Mulling Over My Motives

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"Mulling over my motives" by Monica Portogallo (CatholicMom.com)

Image credit: Pixabay.com (2016), CC0/PD

A few years ago, my family and I arrived just after the opening hymn on First Communion Sunday. In our large, vibrant parish, arriving a little late usually means sharing a pew with another family, but with a comfortable space in between. On First Communion Sunday, it means you are shoulder to shoulder with your neighbor.

My son was probably two years old at the time, and had a cold. I was busy trying to keep him quiet, wipe his nose, and listen as best I could. My husband took our son outside after the Gospel, and I sat down for the homily, ready to give it my undivided attention.

As I sat down, the young woman next to me offered me a tissue. I was confused for a moment. She had to have seen me wiping my son’s nose, so she knew I had tissues. Plus she must have seen him leave just a moment before.

Suddenly it occurred to me that I had been sniffling the whole time I was in Mass and didn’t even notice! Because I was so preoccupied with my son and trying to pay attention at Mass, I did not even realize that my own nose was running. Offering me tissue was probably this young woman’s polite way of saying, “Hey, lady, aren’t you going to do something about your own annoying sniffling?”

Selflessness or Deflection

I have thought a lot about this incident and what it means.

I could pat myself on the back. I could say this is an example of how I’m a selfless mother who doesn’t even think about her own needs, let alone put herself first. It just didn’t occur to me to think about myself.

I could also just as easily say that this is a classic example of how I tend to focus on other people to a fault. I let myself become so preoccupied with the wants, needs, and (especially) flaws of others that I forget to examine my own wants, needs, and (especially) flaws. I fail to look at myself critically, and I trick myself into thinking I am noble for doing it.

When I am totally honest with myself, I know that situations like these are really a combination of the two. I have consciously pure motives with underlying selfish ones.

What’s the harm

Some might ask, “Well, what’s the harm in putting others first, even if my motives are not 100% pure?”

Sometimes there is no harm. Someone gets help, I get to feel superior, and everyone in the situation is happy.

As in my sniffling case, sometimes the harm is minor. I worry so much about my child disrupting others, I fail to recognize that in neglecting myself, my sniffling might disturb others. My neighbor is temporarily annoyed and loses a tissue, but no major harm is done.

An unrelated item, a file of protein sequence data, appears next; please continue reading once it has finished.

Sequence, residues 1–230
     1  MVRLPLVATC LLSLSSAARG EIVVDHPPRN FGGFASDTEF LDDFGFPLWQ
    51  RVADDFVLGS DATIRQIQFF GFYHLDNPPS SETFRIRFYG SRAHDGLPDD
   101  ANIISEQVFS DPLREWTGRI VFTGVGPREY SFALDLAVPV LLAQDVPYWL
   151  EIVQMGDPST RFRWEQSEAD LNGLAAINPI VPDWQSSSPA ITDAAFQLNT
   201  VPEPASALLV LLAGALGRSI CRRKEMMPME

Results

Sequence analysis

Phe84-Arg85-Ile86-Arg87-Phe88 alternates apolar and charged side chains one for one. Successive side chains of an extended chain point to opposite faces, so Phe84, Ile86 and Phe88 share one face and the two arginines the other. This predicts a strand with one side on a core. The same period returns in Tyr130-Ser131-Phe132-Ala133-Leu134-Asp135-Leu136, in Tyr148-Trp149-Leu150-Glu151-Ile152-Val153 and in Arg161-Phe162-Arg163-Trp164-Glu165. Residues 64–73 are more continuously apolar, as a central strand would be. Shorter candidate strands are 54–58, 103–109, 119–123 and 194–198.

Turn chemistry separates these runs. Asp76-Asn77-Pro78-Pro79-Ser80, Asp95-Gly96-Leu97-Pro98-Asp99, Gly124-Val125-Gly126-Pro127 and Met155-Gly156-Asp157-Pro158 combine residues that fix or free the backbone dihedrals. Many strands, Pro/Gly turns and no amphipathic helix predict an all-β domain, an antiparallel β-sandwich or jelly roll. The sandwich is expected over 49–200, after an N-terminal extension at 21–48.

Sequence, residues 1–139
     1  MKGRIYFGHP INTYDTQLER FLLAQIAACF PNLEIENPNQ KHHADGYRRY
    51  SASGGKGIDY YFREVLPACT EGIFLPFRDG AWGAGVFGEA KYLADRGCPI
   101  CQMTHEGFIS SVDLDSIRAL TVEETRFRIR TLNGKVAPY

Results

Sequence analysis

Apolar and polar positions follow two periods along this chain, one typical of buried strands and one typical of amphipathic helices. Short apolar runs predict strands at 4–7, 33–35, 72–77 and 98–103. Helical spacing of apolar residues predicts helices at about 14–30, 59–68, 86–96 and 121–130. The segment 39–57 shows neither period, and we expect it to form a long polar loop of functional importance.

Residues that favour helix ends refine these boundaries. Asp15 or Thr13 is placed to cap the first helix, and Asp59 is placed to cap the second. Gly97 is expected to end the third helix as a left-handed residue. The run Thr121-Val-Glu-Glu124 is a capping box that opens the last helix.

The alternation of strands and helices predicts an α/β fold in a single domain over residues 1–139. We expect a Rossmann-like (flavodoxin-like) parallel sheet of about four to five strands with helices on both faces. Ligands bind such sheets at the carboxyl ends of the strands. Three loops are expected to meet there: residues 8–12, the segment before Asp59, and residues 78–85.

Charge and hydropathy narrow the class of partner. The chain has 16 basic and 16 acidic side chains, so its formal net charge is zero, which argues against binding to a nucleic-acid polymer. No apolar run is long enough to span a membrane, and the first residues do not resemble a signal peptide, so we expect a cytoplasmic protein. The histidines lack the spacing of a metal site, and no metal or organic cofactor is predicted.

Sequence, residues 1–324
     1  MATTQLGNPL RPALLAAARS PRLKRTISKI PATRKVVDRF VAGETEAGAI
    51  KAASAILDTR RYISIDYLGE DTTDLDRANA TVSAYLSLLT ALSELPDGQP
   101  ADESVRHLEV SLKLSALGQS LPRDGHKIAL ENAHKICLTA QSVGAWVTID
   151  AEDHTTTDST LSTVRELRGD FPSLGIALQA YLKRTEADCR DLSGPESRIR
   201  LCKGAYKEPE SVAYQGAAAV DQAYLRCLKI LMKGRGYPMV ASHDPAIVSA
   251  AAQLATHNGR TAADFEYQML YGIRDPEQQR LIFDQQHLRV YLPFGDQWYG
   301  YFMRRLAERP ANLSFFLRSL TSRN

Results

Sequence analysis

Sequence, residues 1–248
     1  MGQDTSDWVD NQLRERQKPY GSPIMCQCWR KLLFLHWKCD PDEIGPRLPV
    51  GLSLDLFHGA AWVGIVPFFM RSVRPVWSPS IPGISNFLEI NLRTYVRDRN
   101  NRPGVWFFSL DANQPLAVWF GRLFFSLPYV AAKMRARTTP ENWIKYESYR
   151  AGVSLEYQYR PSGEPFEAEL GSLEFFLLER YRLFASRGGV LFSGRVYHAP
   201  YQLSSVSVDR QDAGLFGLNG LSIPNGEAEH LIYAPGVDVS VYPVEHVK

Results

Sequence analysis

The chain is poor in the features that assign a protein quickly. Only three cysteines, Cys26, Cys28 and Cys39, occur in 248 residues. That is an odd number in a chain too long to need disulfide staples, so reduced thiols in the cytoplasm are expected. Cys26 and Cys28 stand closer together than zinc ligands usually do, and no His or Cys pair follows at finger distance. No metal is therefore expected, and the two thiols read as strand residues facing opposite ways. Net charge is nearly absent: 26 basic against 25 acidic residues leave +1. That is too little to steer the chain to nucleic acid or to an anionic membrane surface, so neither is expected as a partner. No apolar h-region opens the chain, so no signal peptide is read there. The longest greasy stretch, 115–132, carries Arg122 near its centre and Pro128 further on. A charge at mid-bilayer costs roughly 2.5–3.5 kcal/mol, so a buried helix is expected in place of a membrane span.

There are times, though, when this sort of self-neglect can be downright dangerous to ourselves and others. We can make ourselves emotionally, spiritually, and physically sick when we fail to acknowledge our own needs. Then we are no good to anyone, including ourselves. We can become self-righteous, joyless, irritable hypocrites who repel others rather than attract them to our way of life. Jesus did not say, “Everyone will know you are my disciples by the way you fail to take care of yourself.” He said “Everyone will know you are my disciples by your love for one another.” (John 13:35)

Please understand me: I am not advocating we all go around neglecting our responsibilities and always put ourselves first. Quite the contrary. After all, Jesus tells us what we do to others we do to Him (Matthew 25). He even tells us we need to deny ourselves to be His disciples (Luke 14:25-28). Certainly, though, we can do the right action for the wrong reason.

With this in mind, let us ask God to help us honestly search ourselves. Are we serving out of love of God and neighbor, or because it makes us feel good and look good in others’ eyes? Do we put others first as a conscious sacrifice or as a way of distracting ourselves from our own problems and flaws?

Once we recognize when our motives are not as selfless as they may seem, we can then open ourselves to God’s grace. Now I find myself praying a variation of Psalm 51, “Lord, create in me pure motives; give me a willing spirit.”


Copyright 2019 Monica Portogallo

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About Author

Monica Portogallo is a wife, mother, and registered dietitian nutritionist who does her best not to miss the lessons God sends to her through the joys and struggles of daily life. She lives in California.

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